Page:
Eventually the rain stopped. Nothing left but the unyielding humidity I’m convinced gets worse each year. Just this morning I stood in the backyard before coffee and let myself be enveloped with the dank force of it, kindling my headache, squinting against the June haze. I’ve stopped and started so many things this year. Do you do this? Don’t we all? In a recent session with a hypnotherapist I was seeing here, she suggested that the work we do is like turning the soil. You begin with a particular intention, and often so many other things get stirred up in the process. Everything turns over. I think about that constantly since she mentioned it. Another form of practice, in a way. Of process. I am uninterested in progress, in holding myself up against timelines and goals and boxes to be checked, but it’s hard to let go that pressure. I want to be the turning soil, embodying change and emotion and vulnerability. Maybe I am. Some mornings when I actually wake up from a deep sleep it shocks me. Most of the time I am restless and wake too easily. Several times recently when I laid awake in bed poem ideas washed over me, whole lines and titles even, and my heart pounded in recognition. I wish I could say I remembered them or sat up to write them down. But everything I know about this process reminds me not to wait for inspiration, to sit in devotion instead. To commit to practice. I am more fearful of wasting time these days than anything else. But what if it’s feeling I’m wasting? Too sad, too self-absorbed. Haven't I learned that attachment to anything causes suffering? Maybe I’m feeling my age, my mortality. Maybe I'm so in love with the world I'm terrified to let go of it. But I remember letting go every day. How imperative. Still, I’m so tender it nearly kills me.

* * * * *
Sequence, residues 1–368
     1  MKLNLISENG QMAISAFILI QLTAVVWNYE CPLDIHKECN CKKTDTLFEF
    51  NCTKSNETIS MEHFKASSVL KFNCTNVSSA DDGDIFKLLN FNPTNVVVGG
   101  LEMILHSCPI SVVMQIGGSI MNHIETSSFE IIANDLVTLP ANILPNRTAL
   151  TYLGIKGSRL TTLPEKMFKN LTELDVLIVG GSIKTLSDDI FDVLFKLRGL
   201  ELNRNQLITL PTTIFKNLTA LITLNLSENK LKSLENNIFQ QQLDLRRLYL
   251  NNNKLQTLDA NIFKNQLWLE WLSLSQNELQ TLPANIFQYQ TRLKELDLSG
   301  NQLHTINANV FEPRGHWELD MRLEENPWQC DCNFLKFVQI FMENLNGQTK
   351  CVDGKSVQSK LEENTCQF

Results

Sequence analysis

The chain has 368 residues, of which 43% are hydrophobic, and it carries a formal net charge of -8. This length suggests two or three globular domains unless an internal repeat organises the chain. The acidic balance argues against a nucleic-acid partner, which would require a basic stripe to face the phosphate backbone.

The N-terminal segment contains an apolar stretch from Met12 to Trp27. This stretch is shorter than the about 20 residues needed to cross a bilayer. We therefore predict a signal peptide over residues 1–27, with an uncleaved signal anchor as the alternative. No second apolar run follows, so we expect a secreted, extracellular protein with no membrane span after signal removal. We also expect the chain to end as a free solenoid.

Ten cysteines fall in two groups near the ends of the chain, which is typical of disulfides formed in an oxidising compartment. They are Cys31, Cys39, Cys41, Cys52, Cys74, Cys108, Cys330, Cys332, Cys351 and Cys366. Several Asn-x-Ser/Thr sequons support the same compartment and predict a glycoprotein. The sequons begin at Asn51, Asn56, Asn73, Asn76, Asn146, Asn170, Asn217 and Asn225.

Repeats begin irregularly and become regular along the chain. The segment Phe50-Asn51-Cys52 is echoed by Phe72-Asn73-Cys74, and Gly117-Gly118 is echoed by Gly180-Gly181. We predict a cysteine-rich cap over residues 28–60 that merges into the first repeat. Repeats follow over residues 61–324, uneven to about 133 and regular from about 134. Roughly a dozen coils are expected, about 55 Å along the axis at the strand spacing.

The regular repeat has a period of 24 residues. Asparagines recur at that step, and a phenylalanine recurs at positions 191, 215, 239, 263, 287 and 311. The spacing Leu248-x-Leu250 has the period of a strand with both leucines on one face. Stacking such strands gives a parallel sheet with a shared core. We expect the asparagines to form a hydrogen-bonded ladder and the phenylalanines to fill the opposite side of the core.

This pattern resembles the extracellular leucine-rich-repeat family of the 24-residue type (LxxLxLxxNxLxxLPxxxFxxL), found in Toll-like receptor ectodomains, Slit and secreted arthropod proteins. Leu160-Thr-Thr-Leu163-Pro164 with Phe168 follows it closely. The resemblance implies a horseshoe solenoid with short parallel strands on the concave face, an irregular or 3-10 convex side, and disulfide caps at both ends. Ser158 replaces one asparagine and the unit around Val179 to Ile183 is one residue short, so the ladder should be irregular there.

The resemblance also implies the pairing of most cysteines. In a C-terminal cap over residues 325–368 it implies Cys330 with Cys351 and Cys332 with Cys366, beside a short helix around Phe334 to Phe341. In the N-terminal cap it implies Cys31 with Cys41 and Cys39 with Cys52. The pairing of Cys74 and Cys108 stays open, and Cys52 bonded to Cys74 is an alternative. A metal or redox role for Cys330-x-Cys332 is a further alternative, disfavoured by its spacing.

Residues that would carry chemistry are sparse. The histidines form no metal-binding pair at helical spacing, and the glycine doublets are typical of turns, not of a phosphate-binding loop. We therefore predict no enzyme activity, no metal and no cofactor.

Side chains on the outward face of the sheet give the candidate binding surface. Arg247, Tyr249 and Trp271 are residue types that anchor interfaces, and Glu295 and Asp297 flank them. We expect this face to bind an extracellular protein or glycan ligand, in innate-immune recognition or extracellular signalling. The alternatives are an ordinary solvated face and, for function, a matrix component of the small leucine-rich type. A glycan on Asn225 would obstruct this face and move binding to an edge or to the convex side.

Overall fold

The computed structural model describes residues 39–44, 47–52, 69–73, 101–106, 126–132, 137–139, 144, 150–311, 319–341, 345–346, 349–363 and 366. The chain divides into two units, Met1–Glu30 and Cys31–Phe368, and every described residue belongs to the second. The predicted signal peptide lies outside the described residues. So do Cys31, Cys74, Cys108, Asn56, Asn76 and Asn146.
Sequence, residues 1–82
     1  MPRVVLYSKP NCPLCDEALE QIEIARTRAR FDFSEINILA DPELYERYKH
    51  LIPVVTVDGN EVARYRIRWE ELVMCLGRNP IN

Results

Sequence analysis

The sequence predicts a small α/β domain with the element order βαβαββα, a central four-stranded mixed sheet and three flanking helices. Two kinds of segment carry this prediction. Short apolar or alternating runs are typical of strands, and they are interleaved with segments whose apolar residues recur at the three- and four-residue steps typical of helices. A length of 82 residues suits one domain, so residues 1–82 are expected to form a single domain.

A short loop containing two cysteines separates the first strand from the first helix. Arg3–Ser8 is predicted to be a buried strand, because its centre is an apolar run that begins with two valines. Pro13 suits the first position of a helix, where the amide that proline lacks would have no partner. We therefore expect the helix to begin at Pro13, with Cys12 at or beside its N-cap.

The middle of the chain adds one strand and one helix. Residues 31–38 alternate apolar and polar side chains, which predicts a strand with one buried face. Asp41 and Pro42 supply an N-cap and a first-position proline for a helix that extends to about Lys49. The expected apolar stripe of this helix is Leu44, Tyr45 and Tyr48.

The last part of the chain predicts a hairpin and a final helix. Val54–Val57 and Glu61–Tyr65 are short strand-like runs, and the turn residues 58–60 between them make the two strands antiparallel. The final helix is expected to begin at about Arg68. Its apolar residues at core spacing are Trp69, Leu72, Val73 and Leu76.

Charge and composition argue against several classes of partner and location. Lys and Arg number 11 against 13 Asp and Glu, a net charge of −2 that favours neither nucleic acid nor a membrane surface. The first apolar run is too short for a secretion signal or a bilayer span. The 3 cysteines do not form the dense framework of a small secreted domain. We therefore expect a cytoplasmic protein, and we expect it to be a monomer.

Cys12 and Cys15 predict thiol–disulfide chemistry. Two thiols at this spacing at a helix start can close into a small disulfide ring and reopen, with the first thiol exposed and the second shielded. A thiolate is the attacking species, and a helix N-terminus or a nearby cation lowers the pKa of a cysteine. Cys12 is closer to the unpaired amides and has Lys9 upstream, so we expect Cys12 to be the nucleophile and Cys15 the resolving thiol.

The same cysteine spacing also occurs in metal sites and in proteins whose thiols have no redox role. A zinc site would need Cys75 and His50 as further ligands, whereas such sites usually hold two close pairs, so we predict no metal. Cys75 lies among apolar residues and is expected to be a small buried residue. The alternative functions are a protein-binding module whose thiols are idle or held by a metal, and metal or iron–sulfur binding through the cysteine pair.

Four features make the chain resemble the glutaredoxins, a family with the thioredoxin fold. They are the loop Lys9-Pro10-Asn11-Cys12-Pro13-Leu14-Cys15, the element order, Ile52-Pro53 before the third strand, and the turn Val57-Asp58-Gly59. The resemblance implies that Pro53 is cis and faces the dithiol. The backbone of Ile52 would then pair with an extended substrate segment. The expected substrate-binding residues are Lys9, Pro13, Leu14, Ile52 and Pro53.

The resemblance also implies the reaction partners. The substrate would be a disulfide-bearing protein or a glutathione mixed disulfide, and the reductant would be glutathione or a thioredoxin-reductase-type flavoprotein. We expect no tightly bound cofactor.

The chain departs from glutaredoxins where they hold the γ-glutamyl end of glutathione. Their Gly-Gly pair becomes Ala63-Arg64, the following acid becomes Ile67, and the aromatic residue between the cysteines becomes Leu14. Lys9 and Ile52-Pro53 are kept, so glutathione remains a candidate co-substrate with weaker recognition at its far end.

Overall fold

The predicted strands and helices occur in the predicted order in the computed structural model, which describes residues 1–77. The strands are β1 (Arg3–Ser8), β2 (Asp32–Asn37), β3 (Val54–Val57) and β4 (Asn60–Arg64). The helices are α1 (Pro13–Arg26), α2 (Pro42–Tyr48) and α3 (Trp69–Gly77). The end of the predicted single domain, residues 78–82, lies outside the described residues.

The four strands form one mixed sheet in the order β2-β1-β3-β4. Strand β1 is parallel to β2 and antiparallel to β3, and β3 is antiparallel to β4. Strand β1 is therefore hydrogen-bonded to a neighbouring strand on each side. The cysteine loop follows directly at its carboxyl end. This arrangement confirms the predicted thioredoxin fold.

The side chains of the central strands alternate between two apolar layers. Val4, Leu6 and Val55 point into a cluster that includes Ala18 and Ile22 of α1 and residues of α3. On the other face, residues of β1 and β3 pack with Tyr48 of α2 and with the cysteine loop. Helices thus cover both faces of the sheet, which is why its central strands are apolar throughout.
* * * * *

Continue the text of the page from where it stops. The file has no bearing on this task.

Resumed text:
A couple of nights ago I took the dogs into the park late, after dusk. The dark came on in a way that should have scared me, but didn’t. We made our usual loop around the periphery of the park, and down to the paved paths that encircle the lake. When I say I cried the whole time I mean I let the tenderness guide me. Who could hurt me then? Here, the crescent moon like a brilliant toenail. Here, wild chorus of crickets and katydids calling to me. The bullfrog’s croak like a sonorous pluck of an upright bass string. Here, the heady scent of beloved honeysuckle and gardenia. Here, the rushing creek over ancient boulders. I gave myself to this night. I nearly screamed SAME at the cacophony of insects and animals and tears and what turned within me. Can you imagine life without these moments of exposure and disregard for shame? Can you imagine an even more radical implementation of forgiveness and attention and joy? I care only for this. Tell me where you feel it. That’s all I want to write about anymore. In every letter, poem, text, list, book. Turning and turning and turning. All soil all the time. Is it possible this is something I inherited, too? A tenderness that moves me each day? Once I feared such tenderness, but I don’t now. What about this attention to small things, which will always reveal the bigness to me? Do you feel that, too? I like to think I learned these things through practice, but I wonder if I’m not just unearthing what was already there. An ancient lineage of waking, and I’m awake to it.